Q: I am buying some property. Do I really need a survey?
A: Yes, you really need a survey. If you buy property without a survey, you run the risk that the boundaries of the property are not where you think. Your house may encroach onto your neighbor’s or theirs may encroach onto yours, or part of what you thought was your yard may be someone else’s. This can result in hard feelings with neighbors or worse. A “mortgage report”, sometimes loosely called a “survey”, is not good enough. They specifically state that you cannot rely upon them to determine property boundaries and usually are certified only to your lender, not to you. Lenders will let you close on a mortgage report or without a survey, because they are protected by title insurance, but you will not be. You need a staked survey to protect yourself. It is well worth the cost.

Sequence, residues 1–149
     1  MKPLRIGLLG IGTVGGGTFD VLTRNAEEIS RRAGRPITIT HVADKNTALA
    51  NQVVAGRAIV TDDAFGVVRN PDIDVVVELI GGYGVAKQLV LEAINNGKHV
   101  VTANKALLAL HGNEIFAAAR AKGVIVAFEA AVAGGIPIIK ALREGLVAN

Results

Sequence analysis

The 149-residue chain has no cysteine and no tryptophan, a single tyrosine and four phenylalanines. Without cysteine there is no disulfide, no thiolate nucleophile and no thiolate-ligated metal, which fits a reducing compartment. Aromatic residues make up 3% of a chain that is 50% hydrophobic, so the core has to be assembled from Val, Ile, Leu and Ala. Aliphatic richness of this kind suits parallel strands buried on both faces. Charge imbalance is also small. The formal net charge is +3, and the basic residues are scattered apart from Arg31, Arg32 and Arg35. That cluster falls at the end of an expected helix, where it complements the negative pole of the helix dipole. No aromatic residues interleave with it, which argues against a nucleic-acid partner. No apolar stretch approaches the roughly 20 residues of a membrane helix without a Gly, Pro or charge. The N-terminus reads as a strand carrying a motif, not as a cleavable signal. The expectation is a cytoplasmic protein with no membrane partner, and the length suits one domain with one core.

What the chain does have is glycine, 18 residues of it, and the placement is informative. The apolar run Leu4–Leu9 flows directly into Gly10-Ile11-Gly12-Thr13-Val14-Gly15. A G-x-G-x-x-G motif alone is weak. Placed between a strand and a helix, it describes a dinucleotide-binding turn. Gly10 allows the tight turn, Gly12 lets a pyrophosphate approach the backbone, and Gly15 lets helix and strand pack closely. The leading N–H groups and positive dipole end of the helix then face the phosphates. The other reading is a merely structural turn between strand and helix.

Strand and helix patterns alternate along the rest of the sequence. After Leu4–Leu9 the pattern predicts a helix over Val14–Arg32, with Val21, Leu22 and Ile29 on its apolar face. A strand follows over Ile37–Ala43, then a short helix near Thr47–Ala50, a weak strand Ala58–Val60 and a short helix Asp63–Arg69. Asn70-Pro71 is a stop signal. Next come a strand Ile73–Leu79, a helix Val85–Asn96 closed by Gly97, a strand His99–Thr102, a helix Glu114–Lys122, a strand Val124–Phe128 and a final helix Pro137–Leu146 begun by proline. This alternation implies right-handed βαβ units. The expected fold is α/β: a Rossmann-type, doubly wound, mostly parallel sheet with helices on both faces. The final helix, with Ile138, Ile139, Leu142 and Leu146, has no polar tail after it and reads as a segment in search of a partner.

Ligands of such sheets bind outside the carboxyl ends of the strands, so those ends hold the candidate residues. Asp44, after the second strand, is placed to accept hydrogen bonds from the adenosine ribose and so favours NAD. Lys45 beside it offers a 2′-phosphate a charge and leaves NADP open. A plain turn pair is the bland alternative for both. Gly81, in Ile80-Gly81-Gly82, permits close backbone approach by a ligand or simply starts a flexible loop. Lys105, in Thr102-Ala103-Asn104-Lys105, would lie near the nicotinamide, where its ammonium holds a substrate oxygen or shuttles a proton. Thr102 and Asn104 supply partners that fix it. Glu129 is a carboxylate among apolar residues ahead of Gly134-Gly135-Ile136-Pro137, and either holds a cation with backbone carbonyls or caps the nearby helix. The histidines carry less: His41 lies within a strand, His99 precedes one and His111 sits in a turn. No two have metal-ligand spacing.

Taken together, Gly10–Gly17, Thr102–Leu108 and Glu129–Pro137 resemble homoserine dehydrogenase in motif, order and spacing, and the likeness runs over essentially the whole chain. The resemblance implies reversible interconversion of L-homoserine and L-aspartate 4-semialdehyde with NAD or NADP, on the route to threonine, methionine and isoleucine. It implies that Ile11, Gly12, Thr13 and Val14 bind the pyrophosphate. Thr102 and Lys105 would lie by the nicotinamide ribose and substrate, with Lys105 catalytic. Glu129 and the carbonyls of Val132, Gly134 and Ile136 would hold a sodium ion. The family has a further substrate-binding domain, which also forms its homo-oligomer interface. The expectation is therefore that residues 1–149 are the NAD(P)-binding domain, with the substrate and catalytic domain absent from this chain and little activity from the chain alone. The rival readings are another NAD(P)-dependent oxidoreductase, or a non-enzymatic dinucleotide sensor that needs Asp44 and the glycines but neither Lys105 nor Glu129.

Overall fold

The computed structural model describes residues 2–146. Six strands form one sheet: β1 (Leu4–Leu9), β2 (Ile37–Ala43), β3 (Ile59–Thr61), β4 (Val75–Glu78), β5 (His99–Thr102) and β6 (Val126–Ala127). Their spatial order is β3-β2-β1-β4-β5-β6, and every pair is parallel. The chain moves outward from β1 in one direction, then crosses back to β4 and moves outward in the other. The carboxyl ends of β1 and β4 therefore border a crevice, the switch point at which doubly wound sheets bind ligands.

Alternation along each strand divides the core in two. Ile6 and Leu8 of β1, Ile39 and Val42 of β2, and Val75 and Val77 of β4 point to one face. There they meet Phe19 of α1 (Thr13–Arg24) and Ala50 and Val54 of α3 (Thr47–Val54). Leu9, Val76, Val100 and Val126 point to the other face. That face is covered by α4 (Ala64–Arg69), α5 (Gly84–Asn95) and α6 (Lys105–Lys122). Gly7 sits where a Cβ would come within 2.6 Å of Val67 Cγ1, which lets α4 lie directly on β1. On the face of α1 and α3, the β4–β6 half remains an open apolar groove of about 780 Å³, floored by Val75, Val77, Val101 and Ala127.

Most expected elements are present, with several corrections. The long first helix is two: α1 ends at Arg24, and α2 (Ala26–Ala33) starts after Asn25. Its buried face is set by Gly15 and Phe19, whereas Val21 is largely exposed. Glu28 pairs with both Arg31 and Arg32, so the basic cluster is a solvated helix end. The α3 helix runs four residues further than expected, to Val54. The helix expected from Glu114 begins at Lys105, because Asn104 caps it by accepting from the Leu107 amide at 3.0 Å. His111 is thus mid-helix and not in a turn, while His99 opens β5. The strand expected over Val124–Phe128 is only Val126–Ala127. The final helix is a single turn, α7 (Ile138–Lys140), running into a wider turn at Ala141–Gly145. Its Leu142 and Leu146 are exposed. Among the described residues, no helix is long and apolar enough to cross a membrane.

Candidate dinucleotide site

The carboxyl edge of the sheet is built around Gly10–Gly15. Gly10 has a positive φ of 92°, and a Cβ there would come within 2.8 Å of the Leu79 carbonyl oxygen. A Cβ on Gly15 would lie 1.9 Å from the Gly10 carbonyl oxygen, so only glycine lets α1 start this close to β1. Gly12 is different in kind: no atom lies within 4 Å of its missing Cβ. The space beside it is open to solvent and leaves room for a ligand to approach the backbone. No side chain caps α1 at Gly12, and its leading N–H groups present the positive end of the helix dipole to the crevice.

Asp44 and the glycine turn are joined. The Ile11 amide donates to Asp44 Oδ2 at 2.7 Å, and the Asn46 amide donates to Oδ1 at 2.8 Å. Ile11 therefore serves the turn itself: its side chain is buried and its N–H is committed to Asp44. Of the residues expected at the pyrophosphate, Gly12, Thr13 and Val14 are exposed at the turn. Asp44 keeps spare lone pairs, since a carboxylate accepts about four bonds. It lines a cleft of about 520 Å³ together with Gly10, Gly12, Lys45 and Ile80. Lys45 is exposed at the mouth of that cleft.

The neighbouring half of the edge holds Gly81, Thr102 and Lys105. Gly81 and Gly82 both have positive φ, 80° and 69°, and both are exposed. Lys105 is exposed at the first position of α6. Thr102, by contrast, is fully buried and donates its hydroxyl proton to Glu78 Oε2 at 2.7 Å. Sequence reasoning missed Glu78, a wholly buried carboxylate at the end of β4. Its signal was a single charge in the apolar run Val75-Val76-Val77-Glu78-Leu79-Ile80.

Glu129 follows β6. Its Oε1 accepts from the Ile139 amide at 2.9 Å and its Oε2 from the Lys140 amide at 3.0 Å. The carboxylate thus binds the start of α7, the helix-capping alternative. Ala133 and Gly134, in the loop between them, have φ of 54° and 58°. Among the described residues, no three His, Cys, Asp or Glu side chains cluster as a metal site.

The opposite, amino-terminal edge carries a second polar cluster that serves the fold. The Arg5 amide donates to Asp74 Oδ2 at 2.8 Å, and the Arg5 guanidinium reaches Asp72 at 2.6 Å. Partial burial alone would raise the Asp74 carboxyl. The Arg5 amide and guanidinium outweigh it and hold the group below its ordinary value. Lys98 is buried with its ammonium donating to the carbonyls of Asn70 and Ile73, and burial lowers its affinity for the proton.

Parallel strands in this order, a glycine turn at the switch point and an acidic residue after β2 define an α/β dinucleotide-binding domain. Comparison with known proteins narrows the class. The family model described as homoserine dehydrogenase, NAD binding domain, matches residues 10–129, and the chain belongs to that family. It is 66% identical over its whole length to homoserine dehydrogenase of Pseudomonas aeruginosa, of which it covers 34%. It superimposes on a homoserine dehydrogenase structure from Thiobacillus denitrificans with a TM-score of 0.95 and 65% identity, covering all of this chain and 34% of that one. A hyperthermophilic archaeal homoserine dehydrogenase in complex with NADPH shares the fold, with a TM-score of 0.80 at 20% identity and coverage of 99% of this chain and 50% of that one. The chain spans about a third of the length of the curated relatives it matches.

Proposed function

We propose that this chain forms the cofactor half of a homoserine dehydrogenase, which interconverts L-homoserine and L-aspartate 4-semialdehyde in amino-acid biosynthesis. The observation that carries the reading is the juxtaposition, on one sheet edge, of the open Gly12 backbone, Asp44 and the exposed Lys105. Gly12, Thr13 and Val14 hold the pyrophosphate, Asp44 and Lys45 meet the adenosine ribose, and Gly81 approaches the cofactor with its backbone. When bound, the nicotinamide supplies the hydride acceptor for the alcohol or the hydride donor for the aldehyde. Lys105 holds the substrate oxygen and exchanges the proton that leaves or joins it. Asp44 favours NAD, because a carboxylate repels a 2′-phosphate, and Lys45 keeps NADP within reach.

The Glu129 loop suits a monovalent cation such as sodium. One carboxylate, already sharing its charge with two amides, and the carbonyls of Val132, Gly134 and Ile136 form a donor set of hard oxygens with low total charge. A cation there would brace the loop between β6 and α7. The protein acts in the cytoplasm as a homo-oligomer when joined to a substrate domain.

Q: OK, I got a survey. The stakes show my neighbor’s fence is on the land I am buying. What happens?
A: The survey cannot by itself answer the question of what happens. Boundary discrepancies may arise because of errors in the descriptions or because one neighbor has occupied part of a neighboring property. It would be chaos if every time a survey revealed an encroachment, fences and buildings up and down the block had to be moved to fit within the survey lines but we cannot lightly disregard boundaries established in deeds either. Whether the survey line, which should reflect the boundaries described in the deed, or the line of occupation will control depends upon how your facts fit within the law. An attorney who understands boundary law can help you understand your situation and convince your neighbor (or, if necessary, a court) of the correct resolution of the problem.